This documentary was different than anything else that I’ve read or watched on Paleo thus far. I’ll get into that more in a bit. Love Paleo interviews almost a dozen people regarding how living a paleolithic lifestyle helped to change their lives.
These people had a host of problems: chronic migraines, chronic fatigue syndrome, fibromyalgia, gastrointestinal issues, adult acne, foggy mind, high cholesterol, high blood pressure, high blood sugar, as well as a general feeling of “ickiness.” They were told by their doctors to accept their fate and to take <insert any number of pharmaceutical drugs here>.
Almost all of them had to find out on their own how powerful changing your diet can be when it comes to fixing specific health issues. And they were all eventually led to–you guessed it–paleo.
One of the things that I was most struck by in this film was the number of diabetic patients (with type 2 diabetes) successfully using paleo to come off their medicines. Especially older patients who think that their blood sugar going up is simply a part of aging.
“We were satisfied with what we knew to be, and we thought this was it. You grow old, and you die, and you feel miserable, and you have aches and pains, and that’s just part of the life process. And we know [now] that that doesn’t have to be. So… we’re moving more. We’re feeling better. It’s incredible.”Kathy & Freddie, Vital Rejuvenation Patients
Love Paleo points out that if you think you need to eat every 2 hours to maintain your blood sugar, you aren’t eating right. You weren’t made to eat every few hours.
“We’re not grazers. We’re not ruminants. There’s just something wrong with that whole concept, evolutionarily, dietary health-wise.”Michael A. Farley, Nutritional Consultant
So many diets these days rely on the concept of eating every few hours. It’s one of the biggest trends of modern-day “diets,” in fact. Why? Because it’s easier to stick to your diet when you eat more often. Why? Because your blood sugar is all over the place when you’re eating carbs.
But as I pointed out in my previous article, we shouldn’t need to graze if we’re eating a high protein diet, because protein keeps you satiated. Your blood sugar spikes, then slowly goes down instead of crashing.
Love Paleo talks about why Americans are gaining an average of about 1 1/2 pounds every year. Eating 150g-300g of carbohydrates per day means steady, insidious weight gain. Eating 300+g of carbs per day, what most Americans eat, is the “Danger Zone.” Whatever that means. Obviously, it’s dangerous. And obviously, it means weight gain.
And finally, I got some clarification on low-carb diets and cholesterol levels. Michael Farley points out that the problem with cholesterol and heart disease is something called oxidated cholesterol. Not dietary or serum cholesterols. Inflammation in the body can oxidize your cholesterol, and that’s where the problems come in.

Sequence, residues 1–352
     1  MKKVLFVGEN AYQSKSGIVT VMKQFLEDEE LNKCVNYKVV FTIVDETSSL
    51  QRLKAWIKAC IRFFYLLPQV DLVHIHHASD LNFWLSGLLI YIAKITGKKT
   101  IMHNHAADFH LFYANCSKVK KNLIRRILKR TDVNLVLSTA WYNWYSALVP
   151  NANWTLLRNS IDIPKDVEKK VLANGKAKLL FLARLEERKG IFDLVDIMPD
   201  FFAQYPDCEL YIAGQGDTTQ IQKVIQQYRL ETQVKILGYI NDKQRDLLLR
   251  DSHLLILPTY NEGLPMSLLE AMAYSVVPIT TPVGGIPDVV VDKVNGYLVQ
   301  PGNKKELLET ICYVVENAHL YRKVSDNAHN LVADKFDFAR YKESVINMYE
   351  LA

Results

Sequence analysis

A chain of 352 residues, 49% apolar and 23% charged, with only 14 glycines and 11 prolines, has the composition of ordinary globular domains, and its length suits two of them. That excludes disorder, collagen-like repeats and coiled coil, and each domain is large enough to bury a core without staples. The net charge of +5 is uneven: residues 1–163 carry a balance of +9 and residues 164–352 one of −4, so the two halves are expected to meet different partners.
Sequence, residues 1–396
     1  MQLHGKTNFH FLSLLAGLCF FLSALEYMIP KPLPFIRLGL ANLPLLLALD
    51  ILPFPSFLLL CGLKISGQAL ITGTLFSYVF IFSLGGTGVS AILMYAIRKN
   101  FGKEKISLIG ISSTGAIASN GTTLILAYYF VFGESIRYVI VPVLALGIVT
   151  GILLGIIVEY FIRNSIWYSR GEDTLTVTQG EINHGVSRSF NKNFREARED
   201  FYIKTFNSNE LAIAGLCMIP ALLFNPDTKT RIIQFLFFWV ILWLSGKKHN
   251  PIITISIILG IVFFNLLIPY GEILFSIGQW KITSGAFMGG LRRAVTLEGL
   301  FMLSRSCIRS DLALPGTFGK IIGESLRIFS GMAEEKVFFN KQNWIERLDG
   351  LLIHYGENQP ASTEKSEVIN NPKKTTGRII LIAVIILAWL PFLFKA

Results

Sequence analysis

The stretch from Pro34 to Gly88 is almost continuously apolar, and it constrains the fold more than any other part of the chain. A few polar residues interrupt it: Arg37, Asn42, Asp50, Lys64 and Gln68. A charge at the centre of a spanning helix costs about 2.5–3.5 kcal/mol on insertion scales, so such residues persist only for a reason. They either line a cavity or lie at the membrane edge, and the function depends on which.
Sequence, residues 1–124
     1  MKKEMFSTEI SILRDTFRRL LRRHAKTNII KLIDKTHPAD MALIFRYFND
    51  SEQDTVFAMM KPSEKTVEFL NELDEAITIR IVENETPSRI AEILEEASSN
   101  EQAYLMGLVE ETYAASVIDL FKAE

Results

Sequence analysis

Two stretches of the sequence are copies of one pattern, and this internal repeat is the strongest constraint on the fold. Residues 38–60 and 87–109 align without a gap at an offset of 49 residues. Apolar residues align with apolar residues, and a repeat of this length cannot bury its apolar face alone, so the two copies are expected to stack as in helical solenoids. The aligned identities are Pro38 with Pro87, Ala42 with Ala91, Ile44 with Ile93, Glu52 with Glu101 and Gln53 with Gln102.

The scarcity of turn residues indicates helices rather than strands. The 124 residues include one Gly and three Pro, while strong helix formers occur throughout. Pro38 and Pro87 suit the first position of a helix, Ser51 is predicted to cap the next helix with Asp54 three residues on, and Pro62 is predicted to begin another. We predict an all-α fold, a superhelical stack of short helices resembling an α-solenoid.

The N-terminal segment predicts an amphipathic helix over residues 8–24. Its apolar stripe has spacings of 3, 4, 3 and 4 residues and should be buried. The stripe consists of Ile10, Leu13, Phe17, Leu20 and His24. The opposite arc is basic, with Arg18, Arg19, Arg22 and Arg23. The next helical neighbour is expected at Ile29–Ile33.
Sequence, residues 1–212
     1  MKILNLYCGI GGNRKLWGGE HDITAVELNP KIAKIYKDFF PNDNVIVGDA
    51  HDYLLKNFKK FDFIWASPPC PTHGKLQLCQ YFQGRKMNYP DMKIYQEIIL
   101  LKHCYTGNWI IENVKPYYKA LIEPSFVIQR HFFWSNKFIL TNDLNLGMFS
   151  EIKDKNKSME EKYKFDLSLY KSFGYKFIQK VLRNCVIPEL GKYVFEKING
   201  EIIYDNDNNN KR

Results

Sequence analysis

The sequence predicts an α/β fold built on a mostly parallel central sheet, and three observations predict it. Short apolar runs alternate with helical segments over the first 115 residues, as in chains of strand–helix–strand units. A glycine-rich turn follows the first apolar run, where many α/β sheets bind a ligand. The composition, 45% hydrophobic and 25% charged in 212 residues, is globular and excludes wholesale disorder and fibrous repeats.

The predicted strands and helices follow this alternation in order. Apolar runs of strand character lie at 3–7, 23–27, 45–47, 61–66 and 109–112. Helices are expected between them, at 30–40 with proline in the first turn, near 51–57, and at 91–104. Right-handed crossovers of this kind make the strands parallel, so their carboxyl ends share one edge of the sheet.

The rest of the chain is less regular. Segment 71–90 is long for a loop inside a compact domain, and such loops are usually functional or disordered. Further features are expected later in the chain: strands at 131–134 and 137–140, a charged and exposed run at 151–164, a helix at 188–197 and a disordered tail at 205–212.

“So the issue isn’t to suppress cholesterol, which is fundamental to our health. In fact, it’s the most powerful antioxidant in our body. And now we’re suppressing it. What we should be doing is eliminating the cause of the inflammation. What’s the cause of the inflammation? Bad dietary choices.”Michael A. Farley, Nutritional Consultant
In 2015, a study found that 4 months of paleolithic nutrition significantly lowered total cholesterol, LDL, & increased HDL in subjects compared to a grain-based, “heart-healthy” diet.
I’m really starting to think these paleo folks have got a lot of stuff figured out, let me tell you. This research is making me dread when I switch to vegetarian/vegan and need to eat grains again! But perhaps when I do, the difference will just be that much more clear to me. Or not.
Alright, so I mentioned that this film was different than a lot of the other paleo information that I’ve found thus far. How so?
It talks about paleo as a lifestyle, which–I’ve heard that term plenty of times before. But nothing else I’ve stumbled upon so far has really talked about a “lifestyle.” It’s talked about a diet.
But Love Paleo talks about how important sleep is to our bodies (which most of us surely already know). It talks about exercise and how it should be functional. It should be things like hiking or rock climbing or sprinting or playing sports with quick, jerky movements that mimic the way that our ancestors moved on a daily basis.
I felt like Love Paleo was a very compelling, relatable film. It’s the kind of documentary that should “speak” to everyone in one way or another. These are stories of real people who changed their lives remarkably by changing their eating habits. Stories resonate. The more, the better.
Love Paleo Documentary Rating: 4.5/5 Stars
The film ends by basically saying, “Hey, what do you have to lose?” Give it a try for 30 days. If it doesn’t help you to feel better, go back to eating how you were. But if it even has a chance to improve your life for the better in some small (or large) way, why not give it a shot?
Why not, indeed.